9. Agnes Moorehead

    I still don’t understand why so many people seem to have such moral outraage at KSM or Abu Zubaydah being waterboarded or 9/11 conspirator Mohammed Qahtani being slapped around or put in a box or whatever…and yet they seem to have no problem with Obama’s drone program which far beyond waterboarding or temporarily harming known terrorists has actually KILLED hundreds if not thousands of civilians including many children that Obama is soo keen on protecting after what happened in CT.

    Maybe it’s just me but if I have to weigh two things on a scale. KSM being waterboarded 190 times but suffering no lasting damage and being 100% healthy today vs hundreds of civilians being killed and blown up and their lives ending immediately…well, I’ll say the latter is worse.

    I could really care less if KSM was waterboarded. But for the liberals who will protest Bush about it, you’ll see almost none of them go after Obama for his far more damaging and deadly drone program. There are a few such as Glenn Greenwald who have brought it up and talked about how most liberals have forfeited their credibility on the torture issue by giving Obama a pass for a program that had it been carried out by Bush, McCain, Palin, Romney, etc… they’d have ben howling nonstop and calling for their prosecution in The Hague. But most have totally ignored it.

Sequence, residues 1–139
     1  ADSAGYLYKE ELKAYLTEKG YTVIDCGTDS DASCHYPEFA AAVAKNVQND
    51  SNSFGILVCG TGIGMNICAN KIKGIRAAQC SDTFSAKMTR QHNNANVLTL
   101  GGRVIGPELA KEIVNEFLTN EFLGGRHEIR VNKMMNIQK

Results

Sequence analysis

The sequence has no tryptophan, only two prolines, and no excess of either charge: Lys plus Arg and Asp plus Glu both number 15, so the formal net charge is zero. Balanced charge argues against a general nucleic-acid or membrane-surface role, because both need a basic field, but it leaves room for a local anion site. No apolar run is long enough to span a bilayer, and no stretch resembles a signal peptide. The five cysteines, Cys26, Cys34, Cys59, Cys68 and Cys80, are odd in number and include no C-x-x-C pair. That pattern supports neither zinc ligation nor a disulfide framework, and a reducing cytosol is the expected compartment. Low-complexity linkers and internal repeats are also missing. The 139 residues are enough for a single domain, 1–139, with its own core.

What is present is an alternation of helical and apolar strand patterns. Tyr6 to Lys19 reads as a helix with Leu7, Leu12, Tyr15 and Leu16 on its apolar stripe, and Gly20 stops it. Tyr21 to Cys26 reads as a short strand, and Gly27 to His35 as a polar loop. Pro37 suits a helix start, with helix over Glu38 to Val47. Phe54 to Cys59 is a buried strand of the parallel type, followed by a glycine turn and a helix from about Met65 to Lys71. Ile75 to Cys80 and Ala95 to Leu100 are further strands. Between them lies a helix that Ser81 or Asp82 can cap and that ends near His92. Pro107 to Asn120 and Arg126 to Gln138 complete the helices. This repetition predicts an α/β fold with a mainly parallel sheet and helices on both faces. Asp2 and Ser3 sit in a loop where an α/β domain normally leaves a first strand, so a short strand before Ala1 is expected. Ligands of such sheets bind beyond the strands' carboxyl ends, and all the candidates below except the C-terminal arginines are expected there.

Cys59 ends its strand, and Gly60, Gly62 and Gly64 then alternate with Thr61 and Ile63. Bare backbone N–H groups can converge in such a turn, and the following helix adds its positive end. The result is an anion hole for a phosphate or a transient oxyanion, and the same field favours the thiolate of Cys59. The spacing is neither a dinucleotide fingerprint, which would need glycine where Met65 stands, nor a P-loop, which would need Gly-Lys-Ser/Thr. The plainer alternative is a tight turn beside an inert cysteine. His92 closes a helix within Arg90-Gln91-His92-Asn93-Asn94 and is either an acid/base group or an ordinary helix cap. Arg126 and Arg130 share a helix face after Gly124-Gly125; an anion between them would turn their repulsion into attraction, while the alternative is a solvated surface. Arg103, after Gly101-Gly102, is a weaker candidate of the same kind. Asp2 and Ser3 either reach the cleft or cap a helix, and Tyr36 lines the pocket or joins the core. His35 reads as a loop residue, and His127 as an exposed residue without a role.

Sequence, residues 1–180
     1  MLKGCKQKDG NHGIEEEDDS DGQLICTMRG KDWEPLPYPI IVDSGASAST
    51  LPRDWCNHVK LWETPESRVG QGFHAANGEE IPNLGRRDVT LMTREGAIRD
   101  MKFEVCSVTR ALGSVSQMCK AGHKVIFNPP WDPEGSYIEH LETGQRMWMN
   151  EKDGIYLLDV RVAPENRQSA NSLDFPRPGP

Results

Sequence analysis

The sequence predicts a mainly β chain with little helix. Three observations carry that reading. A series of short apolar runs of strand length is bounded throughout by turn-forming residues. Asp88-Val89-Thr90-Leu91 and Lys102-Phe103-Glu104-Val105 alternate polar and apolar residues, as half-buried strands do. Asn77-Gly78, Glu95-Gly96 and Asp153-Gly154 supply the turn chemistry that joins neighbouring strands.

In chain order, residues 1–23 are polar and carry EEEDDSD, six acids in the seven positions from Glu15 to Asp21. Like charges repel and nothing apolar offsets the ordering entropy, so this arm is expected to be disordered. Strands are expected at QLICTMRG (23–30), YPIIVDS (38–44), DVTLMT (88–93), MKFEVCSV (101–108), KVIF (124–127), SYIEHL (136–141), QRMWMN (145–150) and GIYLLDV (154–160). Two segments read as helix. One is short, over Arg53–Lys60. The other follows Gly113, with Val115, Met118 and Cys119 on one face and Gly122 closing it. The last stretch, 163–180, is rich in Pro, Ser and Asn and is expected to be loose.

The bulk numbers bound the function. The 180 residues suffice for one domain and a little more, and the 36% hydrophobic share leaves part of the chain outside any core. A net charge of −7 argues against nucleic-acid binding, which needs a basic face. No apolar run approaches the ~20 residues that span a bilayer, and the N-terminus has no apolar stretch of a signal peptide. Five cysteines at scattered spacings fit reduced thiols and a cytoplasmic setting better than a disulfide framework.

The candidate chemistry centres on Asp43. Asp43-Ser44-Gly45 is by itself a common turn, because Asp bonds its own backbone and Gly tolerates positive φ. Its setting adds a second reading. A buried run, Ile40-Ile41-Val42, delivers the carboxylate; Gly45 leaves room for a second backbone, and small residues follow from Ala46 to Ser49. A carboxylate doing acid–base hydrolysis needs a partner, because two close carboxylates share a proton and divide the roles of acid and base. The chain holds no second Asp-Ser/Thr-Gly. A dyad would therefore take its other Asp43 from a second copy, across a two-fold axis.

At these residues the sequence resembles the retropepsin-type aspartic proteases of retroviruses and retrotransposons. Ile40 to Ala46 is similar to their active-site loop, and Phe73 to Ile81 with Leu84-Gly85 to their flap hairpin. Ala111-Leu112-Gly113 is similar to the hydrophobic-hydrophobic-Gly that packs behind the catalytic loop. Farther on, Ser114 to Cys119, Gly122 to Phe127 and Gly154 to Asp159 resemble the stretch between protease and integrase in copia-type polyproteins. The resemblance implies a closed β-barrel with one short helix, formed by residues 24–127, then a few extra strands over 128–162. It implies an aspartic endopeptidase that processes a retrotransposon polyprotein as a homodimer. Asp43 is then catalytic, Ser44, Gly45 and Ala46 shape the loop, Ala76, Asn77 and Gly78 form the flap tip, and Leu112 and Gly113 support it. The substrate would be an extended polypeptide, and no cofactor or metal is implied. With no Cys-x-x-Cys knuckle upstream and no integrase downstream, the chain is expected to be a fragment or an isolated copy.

Many of these liberals and dems also have canonized folks like FDR and Truman who far from waterboarding a few guys actually ordered actions that led to the deaths of hundreds of thousands of civilans. And folks like JFK who actually used the CIA to kill people, not just scare them and rough them up a bit.

    So just to get it straight FDR and Truman killing hundreds of thousands of civilians, leaving even more homeless, etc… are Dem icons and American heroes, but Bush having KSM waterboarded and leaving no lasting physical damage to him is a war criminal and a monster. Ok.